LAS VEGAS (KSNV and MyNews3) -- Las Vegas may be home to some of the largest, most impressive structures on the planet, but in a state that is home to one of the largest veteran populations in the country, one thing we may be lacking is a proper tribute to our nation’s heroes and those who served and died protecting our freedoms.
However, a War Memorial honoring veterans
has now found a home in Las Vegas.
Veteran Nick Rosola brags that despite being 87 years old, he has great vision. But what he and other World War II vets may lack is time.
While Rosola doesn’t consider himself a hero, back in the early 1940s when he served on the USS Swanson destroyer, they were all heroes, risking life and limb for love of country.
“We had torpedoes, we had depth charge, and I was a fire control-man,” Rosola said.
Most veterans like Rosola aren’t interested in recognition, but they do want to preserve memories -- history that should not be forgotten.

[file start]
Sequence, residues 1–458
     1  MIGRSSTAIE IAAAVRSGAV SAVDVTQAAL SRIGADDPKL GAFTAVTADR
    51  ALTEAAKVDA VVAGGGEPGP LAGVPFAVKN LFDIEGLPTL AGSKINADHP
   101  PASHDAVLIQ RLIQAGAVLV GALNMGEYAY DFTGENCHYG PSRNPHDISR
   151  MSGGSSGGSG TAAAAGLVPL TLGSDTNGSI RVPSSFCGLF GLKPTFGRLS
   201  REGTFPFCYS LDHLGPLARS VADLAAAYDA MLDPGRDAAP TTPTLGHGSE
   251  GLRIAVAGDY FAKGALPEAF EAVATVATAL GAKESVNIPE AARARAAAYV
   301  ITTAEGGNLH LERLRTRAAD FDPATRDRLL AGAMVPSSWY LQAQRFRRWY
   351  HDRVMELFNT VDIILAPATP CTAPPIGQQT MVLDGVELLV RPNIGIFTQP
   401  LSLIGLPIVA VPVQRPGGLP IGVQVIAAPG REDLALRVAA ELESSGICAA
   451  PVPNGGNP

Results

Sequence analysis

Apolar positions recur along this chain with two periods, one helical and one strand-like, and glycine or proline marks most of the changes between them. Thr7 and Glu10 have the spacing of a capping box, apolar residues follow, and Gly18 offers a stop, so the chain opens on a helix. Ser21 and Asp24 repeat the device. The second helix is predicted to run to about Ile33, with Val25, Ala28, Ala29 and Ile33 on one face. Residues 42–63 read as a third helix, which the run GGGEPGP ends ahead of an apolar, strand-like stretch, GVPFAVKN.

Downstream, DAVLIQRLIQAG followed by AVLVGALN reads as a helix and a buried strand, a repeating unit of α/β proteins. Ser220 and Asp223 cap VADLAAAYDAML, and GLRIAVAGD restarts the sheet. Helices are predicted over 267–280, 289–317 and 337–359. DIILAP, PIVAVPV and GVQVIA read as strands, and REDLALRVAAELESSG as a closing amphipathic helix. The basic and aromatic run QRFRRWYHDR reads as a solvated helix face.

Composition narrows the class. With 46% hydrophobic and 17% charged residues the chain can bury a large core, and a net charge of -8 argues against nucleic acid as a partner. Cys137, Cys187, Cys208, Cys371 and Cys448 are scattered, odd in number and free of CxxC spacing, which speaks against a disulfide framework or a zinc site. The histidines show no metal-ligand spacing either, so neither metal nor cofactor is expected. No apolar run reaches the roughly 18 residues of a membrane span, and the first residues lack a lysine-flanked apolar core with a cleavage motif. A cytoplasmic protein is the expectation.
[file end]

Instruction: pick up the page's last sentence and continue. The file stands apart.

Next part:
Scott Tiano, one of the directors behind the new Las Vegas Veteran’s Memorial project, offered News 3 an exclusive glimpse, and showed what will soon become one of the premier veteran’s memorial s in the country.
“It’s certainly for veterans, but it’s [also] for the families of veterans,” Tiano said. “We believe it’s a great education resource for the region. It’s for the community.”
The artist for the project is Dowe Blumberg, a world-class sculptor, whose pieces are featured in such places as the new World Trade Center in New York at the 9-11 Memorial.
“We’re doing something on a different scale and different scope,” Tiano said. “Maybe it has been missing, and I’m glad that we’re bringing it to Las Vegas.”
Tiano said he believes the memorial will transform Las Vegas by offering a trip back in time. The individual monuments depict significant figures from every conflict from the Revolutionary War all the way to modern-day conflicts.
The monument will be a learning opportunity for many. For some, like Rosola, it will be a teaching opportunity that only a veteran can provide.
“Hopefully I’ll still be around in 2015 when it’s done, so I can bring all my kids and grandkids to visit and tell ‘em what it’s all about,” Rosola said.